Income tax: to what extent is a registration fee for a Continuing Professional Development (CPD) seminar deductible if a part of the fee represents the cost of food and drink to be provided as part of the seminar?
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FOI status:may be releasedFOI number: I 1216274
|This Determination, to the extent that it is capable of being a 'public ruling' in terms of Part IVAAA of the Taxation Administration Act 1953 , is a public ruling for the purposes of that Part. Taxation Ruling TR 92/1 explains when a Determination is a public ruling and how it is binding on the Commissioner. Unless otherwise stated, this Determination applies to years commencing both before and after its date of issue. However, this Determination does not apply to taxpayers to the extent that it conflicts with the terms of a settlement of a dispute agreed to before the date of issue of the Determination (see paragraphs 21 and 22 of Taxation Ruling TR 92/20).|
1. If the registration fee is otherwise deductible under subsection 51(1) of the Income Tax Assessment Act 1936, other than as deductible travel, the extent to which the fee is deductible, according to the terms of section 51AE, is:
- if the food and drink does not amount to entertainment, the registration fee is deductible in full (see Taxation Ruling IT 2675 for an explanation of the meaning of the expression, 'entertainment by way of food and drink', which appears in subsection 51AE(3)).
- if the food and drink does amount to entertainment but the CPD seminar is an 'eligible seminar', the registration fee is deductible in full provided the food and drink was 'reasonably incidental' to a participant's attendance at the seminar (subparagraph 51AE(5)(f)(iv)). 'Eligible seminar' is defined in subsection 51AE(1) but 'reasonably incidental' is not defined. Food and drink is reasonably incidental to a CPD seminar if it:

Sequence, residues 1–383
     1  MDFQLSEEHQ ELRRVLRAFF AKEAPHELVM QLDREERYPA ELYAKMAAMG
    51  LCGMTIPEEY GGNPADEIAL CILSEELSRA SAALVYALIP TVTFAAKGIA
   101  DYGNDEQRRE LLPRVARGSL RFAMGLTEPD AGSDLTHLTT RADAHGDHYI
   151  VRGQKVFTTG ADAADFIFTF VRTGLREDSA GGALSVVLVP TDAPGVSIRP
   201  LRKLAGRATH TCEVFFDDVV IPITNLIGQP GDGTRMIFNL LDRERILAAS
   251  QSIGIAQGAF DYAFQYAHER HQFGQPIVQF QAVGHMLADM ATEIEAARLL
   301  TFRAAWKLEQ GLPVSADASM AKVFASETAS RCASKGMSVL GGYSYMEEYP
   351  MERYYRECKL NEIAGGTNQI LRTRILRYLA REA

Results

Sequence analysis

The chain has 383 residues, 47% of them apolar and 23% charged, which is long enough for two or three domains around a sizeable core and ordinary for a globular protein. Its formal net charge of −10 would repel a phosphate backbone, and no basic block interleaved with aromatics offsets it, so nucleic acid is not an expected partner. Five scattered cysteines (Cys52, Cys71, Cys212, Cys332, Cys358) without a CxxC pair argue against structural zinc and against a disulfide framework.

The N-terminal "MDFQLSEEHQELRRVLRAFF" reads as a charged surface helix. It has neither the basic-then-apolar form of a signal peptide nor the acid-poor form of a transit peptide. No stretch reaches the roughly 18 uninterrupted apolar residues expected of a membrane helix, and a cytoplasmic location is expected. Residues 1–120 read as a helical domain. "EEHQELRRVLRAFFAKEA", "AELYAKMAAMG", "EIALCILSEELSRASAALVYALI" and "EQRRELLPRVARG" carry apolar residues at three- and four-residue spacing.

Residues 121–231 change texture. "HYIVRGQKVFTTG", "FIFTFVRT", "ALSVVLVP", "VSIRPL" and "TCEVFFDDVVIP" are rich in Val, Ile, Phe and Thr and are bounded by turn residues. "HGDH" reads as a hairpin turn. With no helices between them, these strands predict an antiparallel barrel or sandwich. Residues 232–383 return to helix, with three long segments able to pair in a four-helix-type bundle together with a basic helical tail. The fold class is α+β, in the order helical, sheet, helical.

- is provided for sustenance because of the duration, time of day or location of the seminar;
- is provided immediately before, during or immediately following working sessions of the seminar; and
- is available to all seminar participants.
- if the food and drink does amount to entertainment but the CPD seminar is not an eligible seminar, the registration fee is deductible only to the extent that it does not represent a cost of food and drink. The level at which a registration fee is set is generally determined, at least in part, by the estimated costs of the organiser including the cost of food and drink to be provided. The amount of the registration fee to be disallowed is that amount included in the fee in respect of the food and drink. It is not necessary for a participant to actually consume any food or drink for the fee to be apportioned. It is simply enough that the fee includes an amount in respect of food and drink.
|Does registration fee satisfy s51(1)?||No||No part of fee deductible.|
|Does some part of registration fee represent cost of food and drink?||No||Fee fully deductible (s51(1))|
|Does food and drink amount to entertainment?||No||Fee fully deductible (s51(1)).|
|Is seminar an eligible seminar?||No||Fee deductible in part only (s.51AE)|
|Is food and drink reasonably incidental to seminar?||No||Fee deductible in part only (s.51AE)|
|Fee fully deductible (s51AE)|
An industry association arranges a series of three seminars for its practising members on current legislative developments. The seminars have been structured as follows:
15 minutes at 3pm
1 hour at 6pm
1 hour at 1pm
Tea & Coffee
3 course meal
2 course meal
Food & Drink
In Full (s51)
In Full (s51AE)
$20 only (s51AE)
Commissioner of Taxation
continuing professional development;
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